Propane flaming can be used as one of the alternatives to chemical weed control. A field experiment was conducted during summer 2007 at the Haskell Agricultural Laboratory near Concord, NE to determine the responses of corn (Zea mays) and soybean (Glycine max) to broadcast flaming utilizing different rates of propane. The 5-leaf corn (V5, plant height 25 cm) and V3 soybean (plant height 8 cm) were flamed using propane rates of 0, 12, 31, 48, 69 and 87 kg/ha. The responses of the corn and soybean plants were described by logistic models. In general, soybean was more susceptible to propane flaming than corn; 20% injury was achieved with 21 kg/ha in soybean compared with 46 kg/ha in corn. Dose response curves of propane for soybean were similar among evaluation dates. For example, the propane dose (also known as effective dose, ED), which caused injury levels of 5% (ED5), 10% (ED10) and 20% (ED20) at 3 hours after treatment were 11, 13, and 17 kg/ha, respectively, and these rates did not change significantly over time. In contrast, dose response curves were different over time for corn. For example, the ED20 values for 3 hours, 7, and 14 days after treatment were 14, 22, and 46 kg/ha, respectively, suggesting that the corn crop was able to recover after flaming. This is likely because the growing point at time of flaming was below the ground level and thus remained unaffected. Broadcast flaming for weed control has more potential for use in corn than soybean. Further research is needed to determine if these relationships are valid at other growth stages.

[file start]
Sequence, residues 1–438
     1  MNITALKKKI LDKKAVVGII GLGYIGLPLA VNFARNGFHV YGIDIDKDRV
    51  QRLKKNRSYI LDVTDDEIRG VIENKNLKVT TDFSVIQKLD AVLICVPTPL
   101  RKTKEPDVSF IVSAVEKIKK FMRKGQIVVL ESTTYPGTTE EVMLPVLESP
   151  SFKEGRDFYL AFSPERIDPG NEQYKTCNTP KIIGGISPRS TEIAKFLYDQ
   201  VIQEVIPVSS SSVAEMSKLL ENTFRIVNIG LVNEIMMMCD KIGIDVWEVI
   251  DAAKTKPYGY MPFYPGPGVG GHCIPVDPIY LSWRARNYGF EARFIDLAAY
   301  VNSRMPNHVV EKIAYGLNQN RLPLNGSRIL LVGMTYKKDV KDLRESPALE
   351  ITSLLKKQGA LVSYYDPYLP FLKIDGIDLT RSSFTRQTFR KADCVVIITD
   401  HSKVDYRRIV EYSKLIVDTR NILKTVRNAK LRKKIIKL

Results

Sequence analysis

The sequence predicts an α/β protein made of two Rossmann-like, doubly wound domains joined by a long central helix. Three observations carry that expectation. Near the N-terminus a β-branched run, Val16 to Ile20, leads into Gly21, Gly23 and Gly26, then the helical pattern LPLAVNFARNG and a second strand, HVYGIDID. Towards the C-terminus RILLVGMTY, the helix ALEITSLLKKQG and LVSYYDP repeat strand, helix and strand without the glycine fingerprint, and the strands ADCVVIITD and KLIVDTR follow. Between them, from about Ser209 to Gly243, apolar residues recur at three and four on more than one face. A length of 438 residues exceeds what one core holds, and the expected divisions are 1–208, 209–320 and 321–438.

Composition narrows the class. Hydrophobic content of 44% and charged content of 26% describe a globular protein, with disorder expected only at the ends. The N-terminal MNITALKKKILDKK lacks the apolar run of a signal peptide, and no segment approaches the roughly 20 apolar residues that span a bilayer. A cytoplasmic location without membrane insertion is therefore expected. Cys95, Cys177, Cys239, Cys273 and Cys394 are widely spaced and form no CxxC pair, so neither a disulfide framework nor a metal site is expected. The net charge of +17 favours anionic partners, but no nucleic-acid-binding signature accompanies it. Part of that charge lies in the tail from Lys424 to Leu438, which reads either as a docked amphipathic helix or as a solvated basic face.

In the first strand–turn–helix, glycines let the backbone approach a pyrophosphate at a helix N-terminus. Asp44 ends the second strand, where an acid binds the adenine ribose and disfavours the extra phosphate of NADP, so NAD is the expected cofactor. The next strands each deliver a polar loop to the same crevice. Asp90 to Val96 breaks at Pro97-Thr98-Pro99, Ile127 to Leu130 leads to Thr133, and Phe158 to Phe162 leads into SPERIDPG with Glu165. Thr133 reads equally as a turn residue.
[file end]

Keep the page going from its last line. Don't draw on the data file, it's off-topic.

Heverton, Teixeira Z.; Ulloa, Santiago; Datta, Avishek; and Knezevic, Stevan Z.
"Corn (Zea mays) and Soybean (Glycine max) Tolerance to Broadcast Flaming,"
RURALS: Review of Undergraduate Research in Agricultural and Life Sciences: Vol. 3
, Article 1.
Available at: https://digitalcommons.unl.edu/rurals/vol3/iss1/1